Apparently women love to blog. Hollywood seems to think they like narrating their blog posts too. You’ll see bad movies open and close with it like they’re Kevin Hart’s mouth.
When a woman starts blogging in film, that’s when the red flag goes up. Cliché alert. Sex Tape starts with Cameron Diaz hard at work on her latest mommy post with her mom sweatpants and her tired mom hair. Uh-oh. But wait—this time she’s blogging about erections. She’s completely bonkers for her husband’s boners (Jason Segel) and she can’t stop talking about it. “I love erections.”
Her post— narrated over shots of Segel and Diaz tainting every square foot of a college campus—reads like a government censored item from the Dr. Seuss explicit collection. Would you like them here or there? Would you like them in a house? You may like them in a tree? Would you beat them in a box? Would you beat them with a fox? Would you, could you in a car? A train! A train! Could you, would you on a train? Would you, could you, in the rain? Beat them! Beat them, here they are!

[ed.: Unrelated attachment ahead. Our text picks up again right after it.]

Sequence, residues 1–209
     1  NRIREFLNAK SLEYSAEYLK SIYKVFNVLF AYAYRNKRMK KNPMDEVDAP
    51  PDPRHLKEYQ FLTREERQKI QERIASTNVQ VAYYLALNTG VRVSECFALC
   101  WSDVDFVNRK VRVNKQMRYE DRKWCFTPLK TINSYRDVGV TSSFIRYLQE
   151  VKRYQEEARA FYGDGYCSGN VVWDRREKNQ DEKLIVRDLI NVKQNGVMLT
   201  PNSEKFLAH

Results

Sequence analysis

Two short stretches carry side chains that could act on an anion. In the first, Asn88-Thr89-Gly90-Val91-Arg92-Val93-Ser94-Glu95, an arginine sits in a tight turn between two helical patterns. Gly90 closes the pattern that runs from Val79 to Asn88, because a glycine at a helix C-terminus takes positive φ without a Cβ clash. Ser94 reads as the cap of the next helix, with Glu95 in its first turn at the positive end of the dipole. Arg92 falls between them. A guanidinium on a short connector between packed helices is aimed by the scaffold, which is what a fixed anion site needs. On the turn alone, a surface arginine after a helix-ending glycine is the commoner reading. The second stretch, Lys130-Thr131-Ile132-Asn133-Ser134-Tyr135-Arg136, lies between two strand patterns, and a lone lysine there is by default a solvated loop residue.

She’s like Julie & Julia for dongs. Or Dr. Seduce. Call it Obscene Bags & Ham.
Some see pornography as an addictive, brain chemistry altering evil; some see it five times a day. When Annie (Diaz) and Jay (Segel) decide to spice up their lustless marriage by making a sex tape, the concept seems forced. We’re more curious about what these people do than what they do.
Jay appears to work with a lot of iPads? That seems the only logical explanation for why his work life revolves around gifting tablets to his neighbors, his parents, total strangers and the mailman. Annie is apparently accomplished as a mommy blogger who writes about erections. Hank Rosenbaum’s (a very Chris Traegerian Rob Lowe) toy company (?) wants to buy her blog.